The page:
Popular Posts

Saturday 3 December 2011

Heathland Fire

Initial thoughts: steel birds
had flown in first before us
weaving nests
of barbed or razor wire
but got them into tangles on the ground
before they later lined
their Brave New World(ly) homes
with soot.

All this was bramble once
and not so long ago.
Where is the spot
on which I once proposed?
where we became engaged?
So difficult to tell.

A large oak (just a while ago)
is split as though by lightning.
Still standing
but in form a giant clothes peg now,
a concept sculpture maybe
for a West End gallery.
And in the pool -
I don't recall a pool -
its mirror image, grey and powdery,
wavers slightly as
the more uncertain twin.

And here and there
a corpse or two - small animals
that did not have the legs to make it,
lost out to the wind that drove the flames
far faster than a man could run.


Mary said...

Fires cause such destruction (I'm sad especially for the animals that didn't make it); and sad also that the places where memories were made are also irreparably changed.

Rhonda Palmer said...

The way disbelief is described with these visuals is really, really good. "I don't recall a pool..." Thanks.

Windsmoke. said...

Its summer here in Oz and bush fires are always a threat around this time of the year especially wild fires fanned by hot northerly winds :-).

kaykuala said...

Fire when small becomes conflagration when it is big. Either way it destroys memories of old and helpless little creatures. Real pity!


haricot said...

Some rayers of images came to be
clear at last in the last stanza...

Jim Murdoch said...

I witnessed such a fire once—just along the road from where we lived, an area I used to spend hours and hours—we drove past in the Dad’s car and I remember being struck by the heat; I had never imagined it could be so hot assuming it would be just like a normal fire we sat around only bigger. The second thing was how quickly the land recovered. When I saw it charred and blackened like that I imagined it would be years before it returned to normal, not weeks. Good poem, Dave. Especially liked the opening image.

Brian Miller said...

very nicely done dave...i could feel in your words how it feels to come home to such devastation...my grandfather was a fireman and saw much of the aftermath myself..

Brother Ollie said...

Nature can be a sad place. I really like the tone of your poem.

hyperCRYPTICal said...

Wonderful words, wonderful imagery.

Anna :o]

The Weaver of Grass said...

Moorland fires are started here each early Spring to burn the heather and rejuvenate it for the grouse breeding season. I often wonder if some grouse are destroyed in it.

Laurie Kolp said...

From a unique perspective you have captured the effects of fire both physical and emotional.

Elizabeth Grimes said...

Beautifully written...sad.

Unknown said...

Very sad, but well written poem! Thank you for sharing.

-Erick Flores

Anonymous said...

I love this poetic journey through the ashes of what was and fog of what can't quite be remembered, to what remains... Beautiful use of language throughout puts me in the scene, like here:

Still standing
but in form a giant clothes peg now,
a concept sculpture maybe
for a West End gallery.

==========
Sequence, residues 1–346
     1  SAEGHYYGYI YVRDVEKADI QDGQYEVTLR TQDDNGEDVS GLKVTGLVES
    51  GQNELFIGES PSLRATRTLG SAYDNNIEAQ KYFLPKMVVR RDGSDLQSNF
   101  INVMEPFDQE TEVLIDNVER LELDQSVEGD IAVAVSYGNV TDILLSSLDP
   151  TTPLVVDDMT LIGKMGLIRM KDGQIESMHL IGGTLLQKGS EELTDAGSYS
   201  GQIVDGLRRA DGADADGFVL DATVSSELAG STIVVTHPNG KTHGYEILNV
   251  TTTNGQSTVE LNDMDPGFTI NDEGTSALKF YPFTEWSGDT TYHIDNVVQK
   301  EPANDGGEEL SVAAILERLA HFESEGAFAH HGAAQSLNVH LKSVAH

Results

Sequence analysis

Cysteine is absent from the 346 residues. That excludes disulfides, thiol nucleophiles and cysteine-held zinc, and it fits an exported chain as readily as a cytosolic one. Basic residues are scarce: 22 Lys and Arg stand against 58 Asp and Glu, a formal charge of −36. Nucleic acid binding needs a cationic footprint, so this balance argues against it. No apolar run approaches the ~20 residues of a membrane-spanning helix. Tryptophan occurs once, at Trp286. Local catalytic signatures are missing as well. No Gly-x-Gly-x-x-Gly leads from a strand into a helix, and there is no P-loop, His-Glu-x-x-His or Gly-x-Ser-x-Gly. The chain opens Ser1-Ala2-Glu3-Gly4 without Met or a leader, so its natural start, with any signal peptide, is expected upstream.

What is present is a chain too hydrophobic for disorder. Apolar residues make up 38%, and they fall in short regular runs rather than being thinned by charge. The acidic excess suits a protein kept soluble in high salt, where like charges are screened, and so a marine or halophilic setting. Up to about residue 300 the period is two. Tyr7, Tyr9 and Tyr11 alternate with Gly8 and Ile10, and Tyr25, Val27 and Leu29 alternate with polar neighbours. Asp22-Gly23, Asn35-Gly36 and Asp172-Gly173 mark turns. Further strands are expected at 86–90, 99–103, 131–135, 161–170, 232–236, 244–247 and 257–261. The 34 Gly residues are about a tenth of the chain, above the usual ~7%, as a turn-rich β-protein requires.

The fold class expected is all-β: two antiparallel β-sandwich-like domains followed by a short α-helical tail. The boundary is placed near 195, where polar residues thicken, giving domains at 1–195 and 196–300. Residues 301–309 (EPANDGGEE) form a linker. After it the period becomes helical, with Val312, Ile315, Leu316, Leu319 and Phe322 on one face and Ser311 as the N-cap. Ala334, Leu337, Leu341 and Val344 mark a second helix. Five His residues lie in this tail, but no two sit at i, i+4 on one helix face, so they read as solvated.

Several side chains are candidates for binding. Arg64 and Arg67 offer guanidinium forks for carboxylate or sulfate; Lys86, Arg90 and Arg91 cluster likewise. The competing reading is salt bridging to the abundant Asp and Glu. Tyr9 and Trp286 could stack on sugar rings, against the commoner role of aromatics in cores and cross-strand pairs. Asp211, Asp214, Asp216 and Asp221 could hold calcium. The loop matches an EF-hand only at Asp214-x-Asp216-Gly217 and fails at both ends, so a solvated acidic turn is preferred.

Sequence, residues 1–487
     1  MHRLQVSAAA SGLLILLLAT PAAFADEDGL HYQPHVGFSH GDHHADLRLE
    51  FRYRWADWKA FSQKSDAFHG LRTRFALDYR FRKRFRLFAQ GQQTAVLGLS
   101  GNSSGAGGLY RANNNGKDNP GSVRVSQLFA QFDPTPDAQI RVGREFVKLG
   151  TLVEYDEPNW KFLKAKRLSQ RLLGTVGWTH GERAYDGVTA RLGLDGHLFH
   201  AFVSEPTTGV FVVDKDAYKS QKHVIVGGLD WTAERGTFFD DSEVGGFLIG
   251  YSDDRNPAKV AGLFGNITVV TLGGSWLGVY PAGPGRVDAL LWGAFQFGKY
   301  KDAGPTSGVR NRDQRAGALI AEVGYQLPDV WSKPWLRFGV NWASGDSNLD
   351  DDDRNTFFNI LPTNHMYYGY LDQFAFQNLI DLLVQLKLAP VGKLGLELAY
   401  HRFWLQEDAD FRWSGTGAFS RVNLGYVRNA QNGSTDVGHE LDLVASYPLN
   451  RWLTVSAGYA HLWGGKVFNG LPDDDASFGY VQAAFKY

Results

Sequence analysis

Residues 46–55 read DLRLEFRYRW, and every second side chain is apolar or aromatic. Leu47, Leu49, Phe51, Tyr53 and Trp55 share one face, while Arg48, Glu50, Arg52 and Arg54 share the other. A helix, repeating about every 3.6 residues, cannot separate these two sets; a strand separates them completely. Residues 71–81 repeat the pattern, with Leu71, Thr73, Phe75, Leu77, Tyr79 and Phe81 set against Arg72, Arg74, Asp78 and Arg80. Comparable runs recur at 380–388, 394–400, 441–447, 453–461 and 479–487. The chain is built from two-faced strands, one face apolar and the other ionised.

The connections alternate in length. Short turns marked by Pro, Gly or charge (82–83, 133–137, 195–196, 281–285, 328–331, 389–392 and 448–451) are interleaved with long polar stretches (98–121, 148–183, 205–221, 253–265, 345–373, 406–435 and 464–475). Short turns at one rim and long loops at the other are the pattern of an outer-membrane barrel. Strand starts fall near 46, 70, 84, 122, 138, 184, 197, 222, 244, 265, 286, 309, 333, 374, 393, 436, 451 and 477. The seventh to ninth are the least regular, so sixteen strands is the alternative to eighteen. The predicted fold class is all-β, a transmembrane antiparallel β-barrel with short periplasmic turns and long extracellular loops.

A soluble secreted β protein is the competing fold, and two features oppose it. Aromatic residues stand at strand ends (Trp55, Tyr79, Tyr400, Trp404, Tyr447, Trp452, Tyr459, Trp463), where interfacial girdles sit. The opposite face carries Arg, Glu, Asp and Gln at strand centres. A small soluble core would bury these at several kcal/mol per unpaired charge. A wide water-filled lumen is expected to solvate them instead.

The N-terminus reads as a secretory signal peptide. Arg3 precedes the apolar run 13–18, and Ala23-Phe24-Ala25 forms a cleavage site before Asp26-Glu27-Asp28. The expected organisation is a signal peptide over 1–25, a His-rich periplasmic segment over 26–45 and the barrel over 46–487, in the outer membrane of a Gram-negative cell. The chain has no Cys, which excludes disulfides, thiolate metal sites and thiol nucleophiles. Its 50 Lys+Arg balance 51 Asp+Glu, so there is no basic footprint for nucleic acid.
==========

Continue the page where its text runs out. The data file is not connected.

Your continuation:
Rohit_blogger at http://floating-expressions.blogspot.in/ said...

awesome imagery
loved the line that said the insects that just couldn't make it..
your ability to write on simple topics so imaginatively is worth learning.I'll pick up from u.

Anonymous said...

sad and emotional

Cait O'Connor said...

Sad poem about the power of fire.

Mishilicious Mishi said...

beautiful as ever!:)

Cloudia said...

change is a typhoon

Aloha from Waikiki

Comfort Spiral

> < } } ( ° >


< ° ) } } > <

Daanish said...

a nice one,word by word!!

Dave King said...

Yes, there is a great deal of sadness to such events, but it seems they are positive in their renewing effects on the land.

Hi, good to have your company and many thanks for the comment.

Must be a very anxious time for one and all.

Indeed. Bush and heath fires can be very frightening.

Thanks for the observation.

I was just about to email you. Hadn't seen you around the blogs for a bit, and a friend mentioned that there'd been floods in your neck of the woods. Was wondering how you'd fared.

Thanks for the response. On a visit to the Canaries a few years back we had it explained to us that many of the pine trees there were fire-proof to a high degree. If and when there was a forest fire only the bark was burnt. The trees recovered almost instantly. It seemed a bit far fetched, but I've heard it confirmed since.

Thanks Brian. Good to have such a response.

Old Ollie
I agree: nature can be a sad place.

Many thanks for this.

The Weaver of Grass
Yes, I must say the same thought has occurred to me. We sometimes see farmers burning the stubble - though not for grouse, I think. I have the same thoughts on bonfire night: how do we know there aren't small creatures curled up inside?

Generous comment.Thank you.

Hi,thanks for your kind comment.

Thank you so much. Greatly appreciated comment.

Hi A warm welcome to you, and my thanks for both your visit and your valuable comment.

Good to have your visit and your kind comments. Thank you.

Welcome. Thank you so much for responding to the post. Good to have your visit.

Yes, it was a sad moment. Thanks for saying.

Welcome again, and many thanks for the kind comment.

Which is a good way of looking at it. Thanks.

Hi. Really good to have your comment. You are most welcome.

Jenny Woolf said...

I am endlessly impressed by your ability to capture something in words in a way that I could absolutely never do. I think I can learn from your poems.